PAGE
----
Julian Nagelsmann became the youngest coach in Bundesliga history when he was appointed by Hoffenheim a year ago. He told DW's expert Thomas Berthold in an interview how he has propelled his side up to fifth.
DW: Julian Nagelsmann, you took over as Hoffenheim coach at the age of 28 when the club was in crisis. You have turned everything around. Everyone is asking how on Earth someone so young has managed it. What did you do?
Nagelsmann: I think the key at the beginning was to sort out morale. The guys were on the floor, the season had panned out very differently from what had been planned.
Despite the precarious situation we found ourselves in, what was important was to have fun and take pleasure in our work.
The players had to realize that what they do as a job is their passion. You can only be successful if you have fun and don't get too stressed.
I had the impression that we had to be more dangerous in front of goal. We had to win games. We had to score not just one goal but more goals, even if that meant conceding at the other end. We needed points, three points. That is why we did a lot of attacking in training in the early weeks.
DW: What do you do day-to-day to create this positive mood?
I believe it is very important to have a back story. The players notice that you love football. You still like to have a ball at your feet in training. Do you come to work with a joie de vivre? I can’t give off the impression that I am under brutal pressure or fear that something could go wrong.
I must radiate joy and confidence, which is very important. The second point is, of course, that I can boost the mood relatively easily with certain training exercises. For example, the guys might play "20 volleys" and cheer each other up. This quickly improves morale.
'May not have dared speak about before'
We also had a successful experience in our first game in Bremen, relatively quickly and on the basis of the plan we had developed. This made the guys believe in the project.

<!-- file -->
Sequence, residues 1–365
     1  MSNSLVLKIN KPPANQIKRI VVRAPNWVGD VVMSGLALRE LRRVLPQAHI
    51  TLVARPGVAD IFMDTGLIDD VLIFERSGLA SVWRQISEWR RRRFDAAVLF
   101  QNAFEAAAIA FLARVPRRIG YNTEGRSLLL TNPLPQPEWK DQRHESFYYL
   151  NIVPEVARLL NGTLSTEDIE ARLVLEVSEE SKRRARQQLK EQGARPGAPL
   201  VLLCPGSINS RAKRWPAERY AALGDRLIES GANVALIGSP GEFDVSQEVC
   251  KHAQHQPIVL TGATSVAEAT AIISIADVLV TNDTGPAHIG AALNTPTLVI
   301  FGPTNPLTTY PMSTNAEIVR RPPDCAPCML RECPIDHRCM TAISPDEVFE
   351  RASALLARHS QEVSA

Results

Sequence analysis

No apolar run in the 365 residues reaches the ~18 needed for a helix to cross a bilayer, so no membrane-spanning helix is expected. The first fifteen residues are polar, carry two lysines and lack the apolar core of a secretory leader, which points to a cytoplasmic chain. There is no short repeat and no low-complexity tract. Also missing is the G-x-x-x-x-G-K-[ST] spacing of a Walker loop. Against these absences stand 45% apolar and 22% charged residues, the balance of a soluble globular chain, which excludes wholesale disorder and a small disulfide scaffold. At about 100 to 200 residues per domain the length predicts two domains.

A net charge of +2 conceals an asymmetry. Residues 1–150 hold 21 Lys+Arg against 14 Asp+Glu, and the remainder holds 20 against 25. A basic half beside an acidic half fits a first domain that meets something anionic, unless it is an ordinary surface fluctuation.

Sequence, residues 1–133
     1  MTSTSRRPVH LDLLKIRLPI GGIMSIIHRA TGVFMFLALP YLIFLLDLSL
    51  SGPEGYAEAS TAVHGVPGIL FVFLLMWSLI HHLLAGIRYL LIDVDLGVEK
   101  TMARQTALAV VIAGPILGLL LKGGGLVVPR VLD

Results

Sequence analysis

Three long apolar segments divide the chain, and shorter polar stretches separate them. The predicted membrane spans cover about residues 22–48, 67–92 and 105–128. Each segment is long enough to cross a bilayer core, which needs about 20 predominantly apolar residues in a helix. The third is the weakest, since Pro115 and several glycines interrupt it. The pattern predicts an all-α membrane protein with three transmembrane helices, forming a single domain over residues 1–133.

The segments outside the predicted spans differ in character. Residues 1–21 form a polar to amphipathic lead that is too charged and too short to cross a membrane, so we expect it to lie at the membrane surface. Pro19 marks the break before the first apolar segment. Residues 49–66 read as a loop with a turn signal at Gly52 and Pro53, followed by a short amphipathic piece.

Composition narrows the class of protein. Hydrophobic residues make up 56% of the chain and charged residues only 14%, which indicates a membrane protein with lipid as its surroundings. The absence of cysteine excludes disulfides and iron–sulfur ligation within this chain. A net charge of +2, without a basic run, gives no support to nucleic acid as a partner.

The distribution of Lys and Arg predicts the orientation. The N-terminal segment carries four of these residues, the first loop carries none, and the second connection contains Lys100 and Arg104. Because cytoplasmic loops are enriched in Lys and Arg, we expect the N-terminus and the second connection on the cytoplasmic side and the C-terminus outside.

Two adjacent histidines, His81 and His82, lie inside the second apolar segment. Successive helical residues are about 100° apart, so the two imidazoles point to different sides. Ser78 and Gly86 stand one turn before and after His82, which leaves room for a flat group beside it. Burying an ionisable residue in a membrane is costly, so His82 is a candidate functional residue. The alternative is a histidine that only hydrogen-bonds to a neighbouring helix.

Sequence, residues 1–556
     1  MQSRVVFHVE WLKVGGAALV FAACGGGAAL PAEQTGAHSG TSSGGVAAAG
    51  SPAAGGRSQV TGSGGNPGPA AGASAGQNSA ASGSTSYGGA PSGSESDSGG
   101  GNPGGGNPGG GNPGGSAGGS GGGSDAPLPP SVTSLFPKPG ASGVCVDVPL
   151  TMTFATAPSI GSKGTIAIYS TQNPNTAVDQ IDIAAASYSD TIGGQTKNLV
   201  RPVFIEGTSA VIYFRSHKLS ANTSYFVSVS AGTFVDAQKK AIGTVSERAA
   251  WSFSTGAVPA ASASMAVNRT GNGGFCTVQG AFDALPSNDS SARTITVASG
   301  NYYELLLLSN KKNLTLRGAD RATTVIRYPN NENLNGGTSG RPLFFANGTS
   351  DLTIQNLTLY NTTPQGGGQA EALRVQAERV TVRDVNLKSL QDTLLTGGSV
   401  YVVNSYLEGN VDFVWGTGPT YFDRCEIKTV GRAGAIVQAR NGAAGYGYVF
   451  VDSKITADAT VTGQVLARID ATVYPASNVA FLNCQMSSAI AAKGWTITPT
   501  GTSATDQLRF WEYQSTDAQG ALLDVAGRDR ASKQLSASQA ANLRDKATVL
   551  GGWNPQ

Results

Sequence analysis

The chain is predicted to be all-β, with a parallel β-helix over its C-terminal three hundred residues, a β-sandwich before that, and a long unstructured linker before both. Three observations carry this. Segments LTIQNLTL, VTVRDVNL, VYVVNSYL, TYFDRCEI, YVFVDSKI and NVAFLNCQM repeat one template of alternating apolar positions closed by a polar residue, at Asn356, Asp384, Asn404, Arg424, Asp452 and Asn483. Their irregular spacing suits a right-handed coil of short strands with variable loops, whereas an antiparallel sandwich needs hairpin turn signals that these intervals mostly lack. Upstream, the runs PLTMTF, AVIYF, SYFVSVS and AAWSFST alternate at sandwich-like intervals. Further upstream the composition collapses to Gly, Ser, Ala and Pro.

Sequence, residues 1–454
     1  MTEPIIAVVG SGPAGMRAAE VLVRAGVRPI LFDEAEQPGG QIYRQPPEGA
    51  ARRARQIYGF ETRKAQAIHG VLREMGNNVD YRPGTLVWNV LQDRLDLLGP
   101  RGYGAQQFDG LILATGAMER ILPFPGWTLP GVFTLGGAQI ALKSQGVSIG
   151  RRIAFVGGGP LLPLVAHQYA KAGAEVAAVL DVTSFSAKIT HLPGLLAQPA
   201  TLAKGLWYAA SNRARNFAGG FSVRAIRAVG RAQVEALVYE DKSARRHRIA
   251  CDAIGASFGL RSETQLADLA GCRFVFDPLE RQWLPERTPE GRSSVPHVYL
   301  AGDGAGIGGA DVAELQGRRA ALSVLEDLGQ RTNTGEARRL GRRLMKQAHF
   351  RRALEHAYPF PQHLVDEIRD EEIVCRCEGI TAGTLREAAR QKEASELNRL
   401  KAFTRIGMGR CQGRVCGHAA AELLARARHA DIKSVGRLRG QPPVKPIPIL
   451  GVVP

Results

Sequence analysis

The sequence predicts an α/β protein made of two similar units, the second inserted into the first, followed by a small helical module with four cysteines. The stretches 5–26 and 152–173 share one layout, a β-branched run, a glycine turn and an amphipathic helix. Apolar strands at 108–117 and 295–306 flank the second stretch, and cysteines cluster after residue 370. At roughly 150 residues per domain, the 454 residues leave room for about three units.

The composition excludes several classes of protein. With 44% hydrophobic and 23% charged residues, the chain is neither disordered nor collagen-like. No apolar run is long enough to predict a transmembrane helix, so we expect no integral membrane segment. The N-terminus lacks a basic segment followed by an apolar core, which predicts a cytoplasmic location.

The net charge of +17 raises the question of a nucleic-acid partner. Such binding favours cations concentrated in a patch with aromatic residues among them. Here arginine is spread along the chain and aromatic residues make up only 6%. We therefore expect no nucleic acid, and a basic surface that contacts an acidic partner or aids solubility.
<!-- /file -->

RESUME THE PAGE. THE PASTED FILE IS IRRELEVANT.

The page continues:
DW: Did you conduct individual chats or group discussions?
Yes, in the beginning I held many individual discussions or talked with the team to hear what had happened in the weeks before. There are certain situations you must deal with, things the guys have noticed and which they may not have dared speak about before. But it was not that I had many more conversations back then than I do now. I think the main work is still on the pitch and should be on the pitch. But these conversations, especially in very difficult times, make sense.
DW: You yourself have a personal coach. To what extent has he helped you?
The co-operation with my coach is very helpful because it tells me from a scientific point of view how groups work. There is a group dynamic and a team behaves in principle like a team of horses: there are always leaders. You need to find out how each player ticks and address each player’s needs properly.
There is a dynamic to learn. How do I appreciate the group and the players as individuals? How do I deal with them properly, so that everyone is motivated and working well together? These are all things I discuss with my coach. He always talks about the issues from a scientific viewpoint, with the aid of scientific models. Together we try to convert that into real life.
'To become champions is very difficult'
DW: One of those leaders these days would appear to be Sandro Wagner. Some have accused him of being an in-your-face player, but in a good sense. How many of these sorts of players does a team need?
I don’t think you need many. Three or four is too much. This would lead to competition within the group. But I think one or two is good, ideally in different positions. In the stadium, when it is very noisy, you only have a limited influence as a coach. You need players on the field who understand the plan and who will talk to the guys when things are not going well.
I have had a few conversations with Sandro Wagner. He is an experienced player and has played a lot of games. He has been at many different clubs, has not always played, but has already experienced a lot with different coaches. He has great know-how, which he then passes on to the guys. I am very satisfied.
DW: Every coach would like to win a title at some point. When will Hoffenheim be German champions?
A very difficult question, since it is complicated to find an answer. To be one of the first two in the table or even to become champions is very difficult. It could happen if Bayern Munich go bankrupt, but I don't think it will happen. Dortmund could go bust, but that won't happen either.
Then there are other teams, which have big budgets available. You need lots of money to be successful. Nobody told us we are not allowed to be German champions, but I think it will be difficult.